Lessons learned from a year of training teachers remotely
Over the past year, Education Technology (EdTech) professional development (PD) needs soared. With the onset of the COVID-19 pandemic, using EdTech tools became a necessity for educators--whether they were ready or not.
Our SMART training team has facilitated more than 750 days of PD for K-12 schools across North America. The vast majority of this PD has been remote when it otherwise would have been face-to-face, and just like teachers all over the world, we had to adjust our practice seemingly overnight. We had to quickly figure out how we were going to teach teachers remotely how to teach remotely with our technology. Follow that? It’s tricky, so we came up with two overarching, guiding principles: relevance and flexibility.
As SMART PD Specialists, we customize each training based on participants’ needs. With the shift to full-time remote training, we had to consider teachers’ unique situations for every PD session. Were they in their classrooms while students were remote? Did they have some face-to-face students and some remote at the same time? Were some teachers joining the session from the school building while others joined from home? The possibilities seemed infinite! However, just because we were remote didn’t mean we reverted to a ‘sit and get’ PD style.
Once we learned what situation our participants were dealing with, we tried to mimic that situation in our sessions.
We designed PD that actively put teachers in students’ ‘digital shoes’, used the same EdTech that teachers were expected to use, provided content-specific curriculum examples, and gave teachers a chance to actively build lessons or aticvely try things during the session.
Our practice of using a ‘student experience’ to put teachers in students’ digital shoes along with the how-to ‘teacher experience’ received rave reviews. You don’t have to take our word for it; according to one teacher, “This was amazing! Very well presented and I liked the hands-on aspect. Thank you for showing us both the student and teacher side.”
During the past year, teachers’ work situations were in constant flux: from emergency remote teaching back to face-to-face, from face-to-face to hybrid, from all students in the classroom to all students at home, and so on.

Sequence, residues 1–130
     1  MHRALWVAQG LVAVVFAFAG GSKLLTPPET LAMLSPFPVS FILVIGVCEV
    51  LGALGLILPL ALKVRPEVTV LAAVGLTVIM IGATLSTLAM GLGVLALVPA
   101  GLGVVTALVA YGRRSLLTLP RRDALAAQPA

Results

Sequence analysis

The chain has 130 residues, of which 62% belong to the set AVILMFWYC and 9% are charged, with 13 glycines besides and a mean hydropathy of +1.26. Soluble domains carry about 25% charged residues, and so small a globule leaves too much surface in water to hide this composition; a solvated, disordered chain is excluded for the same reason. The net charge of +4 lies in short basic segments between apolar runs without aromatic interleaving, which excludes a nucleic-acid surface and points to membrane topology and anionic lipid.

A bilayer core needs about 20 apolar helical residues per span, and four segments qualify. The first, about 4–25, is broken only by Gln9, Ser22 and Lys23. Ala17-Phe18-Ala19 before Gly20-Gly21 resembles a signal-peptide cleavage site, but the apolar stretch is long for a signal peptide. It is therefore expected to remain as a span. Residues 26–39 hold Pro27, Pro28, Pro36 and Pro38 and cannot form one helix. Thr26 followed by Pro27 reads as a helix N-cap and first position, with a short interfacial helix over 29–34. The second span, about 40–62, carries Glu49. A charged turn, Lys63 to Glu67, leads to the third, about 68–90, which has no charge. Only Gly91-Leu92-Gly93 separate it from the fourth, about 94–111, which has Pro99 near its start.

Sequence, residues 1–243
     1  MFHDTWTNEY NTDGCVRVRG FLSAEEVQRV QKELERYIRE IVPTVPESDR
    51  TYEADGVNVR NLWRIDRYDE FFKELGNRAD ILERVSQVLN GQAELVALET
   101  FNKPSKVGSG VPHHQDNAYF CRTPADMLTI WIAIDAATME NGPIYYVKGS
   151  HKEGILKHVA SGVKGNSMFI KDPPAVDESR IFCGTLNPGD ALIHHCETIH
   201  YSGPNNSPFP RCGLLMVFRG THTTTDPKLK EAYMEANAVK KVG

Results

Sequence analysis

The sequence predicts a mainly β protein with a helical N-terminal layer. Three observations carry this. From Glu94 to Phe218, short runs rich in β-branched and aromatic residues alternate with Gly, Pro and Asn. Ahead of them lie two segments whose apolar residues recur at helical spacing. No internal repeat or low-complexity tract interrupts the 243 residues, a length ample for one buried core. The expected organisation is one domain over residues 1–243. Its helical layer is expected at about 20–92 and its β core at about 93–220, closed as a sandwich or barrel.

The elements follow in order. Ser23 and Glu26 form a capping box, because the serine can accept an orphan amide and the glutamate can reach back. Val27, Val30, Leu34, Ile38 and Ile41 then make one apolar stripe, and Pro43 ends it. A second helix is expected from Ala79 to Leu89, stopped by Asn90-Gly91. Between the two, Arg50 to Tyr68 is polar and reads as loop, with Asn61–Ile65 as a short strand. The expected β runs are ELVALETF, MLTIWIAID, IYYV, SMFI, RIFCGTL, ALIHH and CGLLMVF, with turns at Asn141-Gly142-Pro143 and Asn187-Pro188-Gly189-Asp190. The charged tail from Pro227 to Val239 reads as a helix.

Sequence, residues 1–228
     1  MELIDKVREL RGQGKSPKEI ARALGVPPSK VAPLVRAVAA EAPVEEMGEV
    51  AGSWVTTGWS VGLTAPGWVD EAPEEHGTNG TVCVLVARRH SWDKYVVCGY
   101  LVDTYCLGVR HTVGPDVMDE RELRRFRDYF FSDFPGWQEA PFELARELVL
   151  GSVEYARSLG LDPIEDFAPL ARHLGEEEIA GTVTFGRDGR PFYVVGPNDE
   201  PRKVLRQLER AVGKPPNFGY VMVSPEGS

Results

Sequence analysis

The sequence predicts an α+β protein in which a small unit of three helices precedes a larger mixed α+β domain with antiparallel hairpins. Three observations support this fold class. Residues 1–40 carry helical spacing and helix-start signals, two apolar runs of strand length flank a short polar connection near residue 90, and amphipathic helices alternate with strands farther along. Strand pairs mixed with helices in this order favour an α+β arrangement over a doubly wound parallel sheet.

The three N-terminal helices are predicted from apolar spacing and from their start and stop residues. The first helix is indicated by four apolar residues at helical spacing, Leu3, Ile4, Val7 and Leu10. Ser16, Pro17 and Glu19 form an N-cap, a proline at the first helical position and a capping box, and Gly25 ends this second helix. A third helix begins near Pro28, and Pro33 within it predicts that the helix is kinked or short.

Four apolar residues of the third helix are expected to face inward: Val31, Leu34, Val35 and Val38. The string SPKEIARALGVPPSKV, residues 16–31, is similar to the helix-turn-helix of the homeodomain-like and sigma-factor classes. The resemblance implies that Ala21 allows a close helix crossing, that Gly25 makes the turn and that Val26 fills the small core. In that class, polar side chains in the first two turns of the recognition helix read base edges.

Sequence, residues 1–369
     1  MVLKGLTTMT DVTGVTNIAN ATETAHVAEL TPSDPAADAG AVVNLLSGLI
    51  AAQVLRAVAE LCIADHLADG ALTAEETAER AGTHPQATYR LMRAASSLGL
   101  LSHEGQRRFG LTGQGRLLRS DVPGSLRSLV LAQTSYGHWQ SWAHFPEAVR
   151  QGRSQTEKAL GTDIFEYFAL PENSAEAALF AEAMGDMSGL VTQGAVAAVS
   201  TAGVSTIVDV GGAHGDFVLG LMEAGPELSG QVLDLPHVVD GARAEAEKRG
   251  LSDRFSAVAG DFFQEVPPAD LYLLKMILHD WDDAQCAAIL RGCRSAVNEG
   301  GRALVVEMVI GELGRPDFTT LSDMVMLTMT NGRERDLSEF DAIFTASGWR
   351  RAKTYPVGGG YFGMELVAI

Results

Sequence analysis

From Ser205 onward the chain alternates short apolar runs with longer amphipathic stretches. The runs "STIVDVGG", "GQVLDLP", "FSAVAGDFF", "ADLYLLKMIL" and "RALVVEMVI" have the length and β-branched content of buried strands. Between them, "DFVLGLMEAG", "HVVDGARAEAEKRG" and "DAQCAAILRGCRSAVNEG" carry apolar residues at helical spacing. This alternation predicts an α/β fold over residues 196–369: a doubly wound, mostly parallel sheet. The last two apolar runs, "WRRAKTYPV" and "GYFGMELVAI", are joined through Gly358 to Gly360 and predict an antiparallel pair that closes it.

Because of these constant changes, we learned that being flexible is key. So, what does being a flexible PD Specialist look like?
- While participants are joining your session, ask where they are and what their current teaching situation looks like. Are they in the classroom or at home? Do students come to school or join lessons remotely? Do all students have devices? This information will help you modify your session as needed.
- Have multiple content examples ready to show (or even build on-the-fly). Teachers will appreciate you coming prepared to address their specific content concerns.
The EdTech that makes it happen
Of curse, training teachers on EdTech remotely requires the use of EdTech itself. We luckily had access to a range of options and based on our experiences over the past year, we adopted a few best practices we can pass along:
- Use an agenda! Every. Single. Time. Even if your session is only 30 minutes long, an agenda is hugely beneficial. It keeps the PD on topic, provides a centralized place to put resource links, and keeps everyone organized. Teachers don’t like to attend a workshop during which a flurry of links is distributed in the chat, and an agenda avoids the link storm entirely by serving as a ‘home base’.
- A moderator is a must, especially with sessions that have more than 20 participants. You don’t want to come off as a lonely podcaster. After all, you want the session to be as interactive as possible, right? A moderator can help you make that happen by answering questions in the chat, typing out directions as you are giving them, and adding additional instructional ideas to the conversation.
- If you are facilitating a PD session on a SMART Board interactive display, use the available Zoom app. With the Zoom app, you can clearly show everything you are doing on the SMART board (inking on a website, running a SMART Learning Suite Online lesson, creating a lesson with the Whiteboard app, or anything else!). The alternative is, of course, pointing your laptop or cell phone camera at the board--it is not anywhere near as clear (trust us--we’ve tried that, too).
Whatever you do as a PD provider, keep in mind that teachers’ situations will vary. Create PD that is relevant to their needs and be flexible with last-minute changes. You’ll win them over every time.
Looking for more? Get all the details of our recent PD implementation with Florence 1 schools in South Carolina: